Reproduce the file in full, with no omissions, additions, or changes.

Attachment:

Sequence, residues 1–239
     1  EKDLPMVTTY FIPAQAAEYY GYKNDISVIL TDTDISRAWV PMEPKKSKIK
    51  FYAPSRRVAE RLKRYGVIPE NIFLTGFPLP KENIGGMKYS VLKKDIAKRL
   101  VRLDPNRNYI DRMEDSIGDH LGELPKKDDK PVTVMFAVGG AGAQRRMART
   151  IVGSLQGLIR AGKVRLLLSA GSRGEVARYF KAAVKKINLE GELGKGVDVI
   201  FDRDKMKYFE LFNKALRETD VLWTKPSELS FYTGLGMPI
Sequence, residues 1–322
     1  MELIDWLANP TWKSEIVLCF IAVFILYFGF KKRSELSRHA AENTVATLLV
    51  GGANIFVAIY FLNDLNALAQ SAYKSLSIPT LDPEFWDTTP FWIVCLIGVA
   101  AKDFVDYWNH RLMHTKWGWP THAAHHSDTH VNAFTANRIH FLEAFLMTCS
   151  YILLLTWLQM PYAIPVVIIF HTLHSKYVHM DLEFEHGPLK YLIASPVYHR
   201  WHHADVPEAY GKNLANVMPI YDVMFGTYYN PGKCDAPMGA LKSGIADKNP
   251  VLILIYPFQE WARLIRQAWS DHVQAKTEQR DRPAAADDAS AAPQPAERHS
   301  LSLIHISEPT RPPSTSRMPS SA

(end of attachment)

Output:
Sequence, residues 1–239
     1  EKDLPMVTTY FIPAQAAEYY GYKNDISVIL TDTDISRAWV PMEPKKSKIK
    51  FYAPSRRVAE RLKRYGVIPE NIFLTGFPLP KENIGGMKYS VLKKDIAKRL
   101  VRLDPNRNYI DRMEDSIGDH LGELPKKDDK PVTVMFAVGG AGAQRRMART
   151  IVGSLQGLIR AGKVRLLLSA GSRGEVARYF KAAVKKINLE GELGKGVDVI
   201  FDRDKMKYFE LFNKALRETD VLWTKPSELS FYTGLGMPI
Sequence, residues 1–322
     1  MELIDWLANP TWKSEIVLCF IAVFILYFGF KKRSELSRHA AENTVATLLV
    51  GGANIFVAIY FLNDLNALAQ SAYKSLSIPT LDPEFWDTTP FWIVCLIGVA
   101  AKDFVDYWNH RLMHTKWGWP THAAHHSDTH VNAFTANRIH FLEAFLMTCS
   151  YILLLTWLQM PYAIPVVIIF HTLHSKYVHM DLEFEHGPLK YLIASPVYHR
   201  WHHADVPEAY GKNLANVMPI YDVMFGTYYN PGKCDAPMGA LKSGIADKNP
   251  VLILIYPFQE WARLIRQAWS DHVQAKTEQR DRPAAADDAS AAPQPAERHS
   301  LSLIHISEPT RPPSTSRMPS SA